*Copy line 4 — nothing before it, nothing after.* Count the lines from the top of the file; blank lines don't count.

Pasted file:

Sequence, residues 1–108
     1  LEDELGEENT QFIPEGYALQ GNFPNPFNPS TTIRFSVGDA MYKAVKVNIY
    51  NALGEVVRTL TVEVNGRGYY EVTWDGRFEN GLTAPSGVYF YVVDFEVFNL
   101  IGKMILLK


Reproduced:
   101  IGKMILLK